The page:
NVIDIA HAS REVEALED its first suite of Turing GPUs capable of powering ray-tracing, the next big step in realistic graphics.
For those of you who aren't savvy with the world of graphics, ray-tracing in a rendering technique that, surprise surprise, traces the path of light rays that illuminate objects or fill a scene in a video, image or virtual setting. The technique allows for cinema-level virtual illumination that delivers more accurate lighting, reflections and shadows, making the thing being rendered look a heck of a lot more realistic.
The problem is, ray-tracing takes a hell of a lot of graphical grunt to do; far more than any single current consumer graphics card can really handle.
But Nvidia's founder and CEO Jensen Huang finally announced the company's next-gen Turing architecture on Monday, and revealed that the first cards making use of the new GPU architecture which he claims will offer the grunt to power ray-tracing rendering.
But unfortunately, they won't be coming to consumer PCs just yet, unless you have very deep pockets, as Nvidia's first Turing cards are the professional-grade Quadro RTX 8000, Quadro RTX 6000 and Quadro RTX 5000 GPUs.
With Samsung 16Gb GDDR6 video memory on board, running up to 48GB in the RTX 8000 to push data around faster than before, Nvidia noted that Turing GPUs are some 26 times more capable of handling ray-tracing than the Pascal generation GPUs. This is thanks to ray-tracing cores that will figure out how light and sound travels through 3D environments.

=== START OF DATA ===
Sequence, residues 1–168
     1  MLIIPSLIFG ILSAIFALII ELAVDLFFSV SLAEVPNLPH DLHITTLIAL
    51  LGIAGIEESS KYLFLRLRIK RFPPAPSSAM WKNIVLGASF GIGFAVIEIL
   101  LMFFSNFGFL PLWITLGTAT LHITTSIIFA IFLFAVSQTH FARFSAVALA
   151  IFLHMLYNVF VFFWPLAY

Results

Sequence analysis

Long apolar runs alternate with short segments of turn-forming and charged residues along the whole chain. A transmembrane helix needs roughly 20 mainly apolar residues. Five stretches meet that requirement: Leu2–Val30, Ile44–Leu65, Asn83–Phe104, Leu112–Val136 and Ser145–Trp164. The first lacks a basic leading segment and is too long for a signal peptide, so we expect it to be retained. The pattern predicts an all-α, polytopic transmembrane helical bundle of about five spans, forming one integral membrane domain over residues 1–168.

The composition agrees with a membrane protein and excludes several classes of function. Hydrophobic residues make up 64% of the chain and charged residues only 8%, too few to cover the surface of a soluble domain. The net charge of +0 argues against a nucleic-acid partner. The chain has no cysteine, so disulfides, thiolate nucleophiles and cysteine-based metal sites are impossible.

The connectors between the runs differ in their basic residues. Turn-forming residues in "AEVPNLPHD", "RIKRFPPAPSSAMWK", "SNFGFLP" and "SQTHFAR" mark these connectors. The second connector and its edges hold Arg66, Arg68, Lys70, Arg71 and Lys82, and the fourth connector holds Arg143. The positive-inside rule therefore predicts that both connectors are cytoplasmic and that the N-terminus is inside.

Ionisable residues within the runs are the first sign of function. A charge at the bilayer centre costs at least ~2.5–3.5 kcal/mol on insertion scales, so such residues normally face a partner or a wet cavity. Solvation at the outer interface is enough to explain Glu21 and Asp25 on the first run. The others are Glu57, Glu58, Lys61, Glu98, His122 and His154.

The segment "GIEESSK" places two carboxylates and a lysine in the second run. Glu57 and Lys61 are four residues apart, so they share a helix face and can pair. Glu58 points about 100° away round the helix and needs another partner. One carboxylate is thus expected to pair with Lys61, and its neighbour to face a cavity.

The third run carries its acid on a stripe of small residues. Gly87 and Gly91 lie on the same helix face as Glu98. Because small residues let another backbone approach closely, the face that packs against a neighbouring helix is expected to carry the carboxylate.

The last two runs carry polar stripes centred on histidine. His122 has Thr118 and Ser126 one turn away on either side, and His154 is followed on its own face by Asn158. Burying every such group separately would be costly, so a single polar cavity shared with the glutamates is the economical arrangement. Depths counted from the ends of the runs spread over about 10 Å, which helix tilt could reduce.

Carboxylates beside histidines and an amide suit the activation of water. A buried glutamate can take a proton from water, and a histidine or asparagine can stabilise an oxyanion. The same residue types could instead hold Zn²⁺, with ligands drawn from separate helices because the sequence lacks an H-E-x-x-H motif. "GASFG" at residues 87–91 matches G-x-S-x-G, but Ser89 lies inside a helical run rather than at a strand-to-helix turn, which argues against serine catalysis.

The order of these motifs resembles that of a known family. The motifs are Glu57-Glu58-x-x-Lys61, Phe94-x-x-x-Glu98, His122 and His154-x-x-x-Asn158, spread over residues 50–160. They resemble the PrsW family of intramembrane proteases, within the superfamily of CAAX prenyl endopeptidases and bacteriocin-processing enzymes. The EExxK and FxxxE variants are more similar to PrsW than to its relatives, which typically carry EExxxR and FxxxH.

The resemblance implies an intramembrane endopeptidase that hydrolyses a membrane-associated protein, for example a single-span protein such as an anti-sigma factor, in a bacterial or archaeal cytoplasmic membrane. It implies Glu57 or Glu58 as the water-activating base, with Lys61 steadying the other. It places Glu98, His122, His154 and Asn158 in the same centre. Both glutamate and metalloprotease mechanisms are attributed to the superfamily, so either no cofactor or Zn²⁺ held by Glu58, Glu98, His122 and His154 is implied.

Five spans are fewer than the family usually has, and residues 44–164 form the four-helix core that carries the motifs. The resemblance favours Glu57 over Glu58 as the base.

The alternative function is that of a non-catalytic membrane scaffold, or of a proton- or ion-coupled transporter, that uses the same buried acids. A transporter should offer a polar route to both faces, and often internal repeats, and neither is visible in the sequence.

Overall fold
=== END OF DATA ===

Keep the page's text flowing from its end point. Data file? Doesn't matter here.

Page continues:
Designed for data centres and workstations, the Turing Quadro GPUs also come with Tensor cores to accelerate deep learning neural networks for running artificial intelligence systems, something Nvidia is big into alongside pushing polished pixels.
With the RTX 5000 starting at $2,300 and the RTX 8000 hitting an estimated retail price of $10,000, don't go expecting to find them in any affordable workstations any time soon.
But these pro-grade cards to point towards a promising next wave of powerful GeForce graphics cards, which will likely use GDDR6 and perhaps have some capabilities to support ray-tracing in some form; just don't expect it to be the very highest-end example of the slick rendering technique just yet. µ
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